Mary Ellen Henderson 5th graders kept the beat with Arts Integration as the Husky ENCORE team taught them about Native Americans during the Native American Festival on Tuesday. Drumming was just one of several activities geared toward helping students remember the cultures of tribes from all regions of United States in advance of SOL tests. Others included storytelling, lacrosse, artistic symbols, and a scavenger hunt for artifacts.

Virginia Standards of Learning: US History to 1865

USI.3 The student will demonstrate knowledge of how early cultures developed in North America by
  • b) locating where the American Indians lived, with emphasis on the Arctic (Inuit), Northwest (Kwakiutl), Plains (Lakota), Southwest (Pueblo), and Eastern Woodlands (Iroquois);
  • c) describing how the American Indians used the resources in their environment.

Application to Education

As the Instructional Technology Coach for this school, it was fun for me to really capture the essence of "low-tech" skills that were needed for the Native Americans to survive.  It reminded me that technology can simply be defined as "using our available resources to solve problems and improve the quality of life".  These students are demonstrating (what we call) 21st Century Skills such as communication, collaboration, creativity, and problem-solving via Arts Integration.  I'm pretty sure that Native Americans also needed all of these same skills in order to survive and thrive as a civilization. 


I filmed and edited the video below to demonstrate how my school is successfully integrating the Arts to deepen the learning and understanding of curricular content. 

What is Arts Integration?

"Arts integration is an approach to teaching in which students construct and demonstrate understanding through an art form. Students engage in a creative process which connects an art form and another subject area and meets evolving objectives in both." -Kennedy Center

Why Arts Integration?

Research shows that arts education is crucial in children’s learning process and development. Studies show that children exposed to arts education throughout childhood through primary, secondary and tertiary school show greater scores on academic achievements as well as greater social, cultural, emotional and cognitive development. Some of the measured improvement are greater self-confidence, communicative skills, cultural awareness and sensitivity alongside greater stimulated creativity and overall academic achievement. [1]
  • Arts education is a key to creativity
  • Creativity is an essential component of, and spurs innovation
  • Innovation is, agreed to be necessary to create new industries in the future
  • New industries, with their jobs, are the basis of our future economic well-being.

Many other countries in Asia and Europe, include vigorous Arts curriculum as a national priority in their public school systems and we must do the same. The mission is to make the country, its leader and the funding agencies aware that Arts are not just a “nice” thing to have in the education systems – but rather they are an essential national priority to the future of the US in this rapidly changing global economy. [1]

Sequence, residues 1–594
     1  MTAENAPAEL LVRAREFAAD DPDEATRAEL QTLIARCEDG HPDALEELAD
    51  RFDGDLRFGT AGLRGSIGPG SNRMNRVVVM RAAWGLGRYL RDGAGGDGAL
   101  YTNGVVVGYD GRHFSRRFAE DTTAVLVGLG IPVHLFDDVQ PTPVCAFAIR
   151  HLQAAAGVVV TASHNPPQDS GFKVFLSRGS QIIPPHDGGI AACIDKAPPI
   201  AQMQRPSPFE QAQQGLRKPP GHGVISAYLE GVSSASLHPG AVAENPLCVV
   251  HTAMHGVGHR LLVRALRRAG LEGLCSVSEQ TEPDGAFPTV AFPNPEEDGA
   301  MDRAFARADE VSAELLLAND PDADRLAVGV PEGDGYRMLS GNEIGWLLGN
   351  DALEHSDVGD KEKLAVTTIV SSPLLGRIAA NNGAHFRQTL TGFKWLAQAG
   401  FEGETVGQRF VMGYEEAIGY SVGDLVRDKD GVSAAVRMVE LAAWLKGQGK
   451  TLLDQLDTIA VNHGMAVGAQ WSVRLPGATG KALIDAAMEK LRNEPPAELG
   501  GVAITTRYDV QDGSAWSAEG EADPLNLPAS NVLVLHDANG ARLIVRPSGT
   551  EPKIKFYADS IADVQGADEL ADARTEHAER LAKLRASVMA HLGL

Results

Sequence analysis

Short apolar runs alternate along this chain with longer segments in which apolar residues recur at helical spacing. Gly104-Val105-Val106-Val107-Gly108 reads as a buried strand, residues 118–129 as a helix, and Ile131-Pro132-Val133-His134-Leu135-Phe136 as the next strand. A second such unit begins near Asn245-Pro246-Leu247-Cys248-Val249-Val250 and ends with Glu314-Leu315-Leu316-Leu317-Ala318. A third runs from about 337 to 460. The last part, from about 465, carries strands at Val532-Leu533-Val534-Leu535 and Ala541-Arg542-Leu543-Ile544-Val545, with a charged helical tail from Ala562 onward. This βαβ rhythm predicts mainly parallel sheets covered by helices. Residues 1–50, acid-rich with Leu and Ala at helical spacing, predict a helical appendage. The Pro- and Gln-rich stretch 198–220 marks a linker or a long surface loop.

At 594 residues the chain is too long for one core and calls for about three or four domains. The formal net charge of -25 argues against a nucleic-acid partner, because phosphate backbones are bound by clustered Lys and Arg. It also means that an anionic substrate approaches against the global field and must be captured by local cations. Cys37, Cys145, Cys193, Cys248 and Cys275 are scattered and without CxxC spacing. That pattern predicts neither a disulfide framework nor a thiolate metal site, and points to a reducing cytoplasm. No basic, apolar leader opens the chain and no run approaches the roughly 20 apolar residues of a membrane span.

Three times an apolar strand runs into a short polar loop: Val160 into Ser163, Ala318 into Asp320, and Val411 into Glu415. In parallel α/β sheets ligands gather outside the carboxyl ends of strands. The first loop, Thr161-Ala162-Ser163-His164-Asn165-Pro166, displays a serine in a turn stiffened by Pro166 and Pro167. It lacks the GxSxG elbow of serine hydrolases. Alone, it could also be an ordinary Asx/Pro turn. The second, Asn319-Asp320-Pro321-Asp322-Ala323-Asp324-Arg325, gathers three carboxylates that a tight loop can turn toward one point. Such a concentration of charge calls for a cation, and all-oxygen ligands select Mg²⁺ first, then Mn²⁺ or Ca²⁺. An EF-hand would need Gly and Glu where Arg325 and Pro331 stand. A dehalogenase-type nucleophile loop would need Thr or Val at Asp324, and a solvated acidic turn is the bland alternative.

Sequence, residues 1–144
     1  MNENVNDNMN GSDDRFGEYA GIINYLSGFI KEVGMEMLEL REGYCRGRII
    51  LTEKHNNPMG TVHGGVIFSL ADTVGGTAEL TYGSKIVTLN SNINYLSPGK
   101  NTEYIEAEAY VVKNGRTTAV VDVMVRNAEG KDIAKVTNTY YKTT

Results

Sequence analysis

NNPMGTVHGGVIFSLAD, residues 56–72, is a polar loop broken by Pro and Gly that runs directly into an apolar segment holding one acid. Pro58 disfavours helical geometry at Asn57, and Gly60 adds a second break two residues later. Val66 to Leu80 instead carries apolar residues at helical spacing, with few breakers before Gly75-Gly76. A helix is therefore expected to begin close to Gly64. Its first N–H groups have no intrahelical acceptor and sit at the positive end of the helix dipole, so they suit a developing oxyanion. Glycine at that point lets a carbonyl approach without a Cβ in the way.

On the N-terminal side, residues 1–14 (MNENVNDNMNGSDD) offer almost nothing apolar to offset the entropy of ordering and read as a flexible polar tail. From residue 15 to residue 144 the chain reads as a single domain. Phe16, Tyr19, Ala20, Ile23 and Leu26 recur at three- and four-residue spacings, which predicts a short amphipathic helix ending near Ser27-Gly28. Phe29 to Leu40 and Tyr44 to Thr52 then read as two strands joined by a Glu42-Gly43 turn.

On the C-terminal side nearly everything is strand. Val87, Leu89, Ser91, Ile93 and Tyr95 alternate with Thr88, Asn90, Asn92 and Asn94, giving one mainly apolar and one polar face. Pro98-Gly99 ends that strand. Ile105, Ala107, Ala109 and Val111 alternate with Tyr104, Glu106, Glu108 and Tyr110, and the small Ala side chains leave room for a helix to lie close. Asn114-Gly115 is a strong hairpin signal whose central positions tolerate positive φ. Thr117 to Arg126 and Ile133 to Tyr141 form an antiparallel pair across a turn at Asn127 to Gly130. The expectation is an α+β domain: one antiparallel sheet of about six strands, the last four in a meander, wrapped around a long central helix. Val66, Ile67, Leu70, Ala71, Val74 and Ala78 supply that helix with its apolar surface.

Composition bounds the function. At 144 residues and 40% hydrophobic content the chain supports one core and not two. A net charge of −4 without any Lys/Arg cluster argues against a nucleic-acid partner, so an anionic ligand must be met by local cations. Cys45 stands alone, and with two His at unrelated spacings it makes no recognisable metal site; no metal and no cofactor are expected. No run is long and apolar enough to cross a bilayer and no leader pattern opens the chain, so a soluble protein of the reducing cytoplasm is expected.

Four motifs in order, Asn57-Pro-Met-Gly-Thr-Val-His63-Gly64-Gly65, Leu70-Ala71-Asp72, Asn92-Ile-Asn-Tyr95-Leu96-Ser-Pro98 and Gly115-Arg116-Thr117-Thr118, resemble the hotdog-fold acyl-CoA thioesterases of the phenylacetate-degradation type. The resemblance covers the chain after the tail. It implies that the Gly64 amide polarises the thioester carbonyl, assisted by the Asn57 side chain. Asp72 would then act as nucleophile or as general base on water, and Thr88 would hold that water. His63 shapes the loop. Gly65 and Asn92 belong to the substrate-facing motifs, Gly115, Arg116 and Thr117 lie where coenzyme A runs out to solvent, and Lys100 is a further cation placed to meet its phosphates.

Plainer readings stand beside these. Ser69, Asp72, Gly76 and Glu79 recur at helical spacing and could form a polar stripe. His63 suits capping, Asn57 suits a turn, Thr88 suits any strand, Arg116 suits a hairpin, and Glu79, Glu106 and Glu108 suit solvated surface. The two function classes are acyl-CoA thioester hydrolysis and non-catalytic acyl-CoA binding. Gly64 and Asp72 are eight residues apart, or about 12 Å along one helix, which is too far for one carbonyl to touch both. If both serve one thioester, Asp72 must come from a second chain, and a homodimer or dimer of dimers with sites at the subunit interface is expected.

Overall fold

The future belongs to a very different kind of person with a very different kind of mind--creators and empathizers, pattern recognizers, and meaning makers. These people--artists, inventors, designers, storytellers, caregivers, consolers, big picture thinkers--will now reap society's richest rewards and share its greatest joys. [2]

We are moving from an economy and a society built on the logical, linear, computer-like capabilities of the Information Age to an economy and a society built on the inventive, empathic, big-picture capabilities of what's rising in its place, the Conceptual Age. [2]

Let's continue to integrate the Arts to best prepare our students for their future!

You might also like

Leveraging the Strengths of Our Students
I Think We Have Education Backwards ... Don't You?
The 21st Century Learner, Needs a 21st Teacher
STE[A]M Education: Integrating the Arts into STEM


  1. STEAM:
  2. Daniel Pink: A Whole New Mind: Moving from the Information Age to the Conceptual Age

Friday, November 9, 2012

My Favorite Thoughts About Education in 140 Characters or Less

After favoriting one of my tweets today, I decided to go back and read all of my favorite tweets on Twitter.  By scrolling through my own my personal backchannel, I was able to remember why I favorited each individual tweet and why each one was so significant to me.  After re-reading every Tweet in my favorites column, I decided to make a list of my favorite, favorites.  In doing so, I was able to reflect on how my core values in education have both changed and grown over the years.  I decided to synthesize all of my favorite tweets into specific categories with regard to education.  What I discovered was that I typically value tweets about leadership and pedagogy.  This was such a great reflection activity for me and it really helped me to construct my own personal vision of education.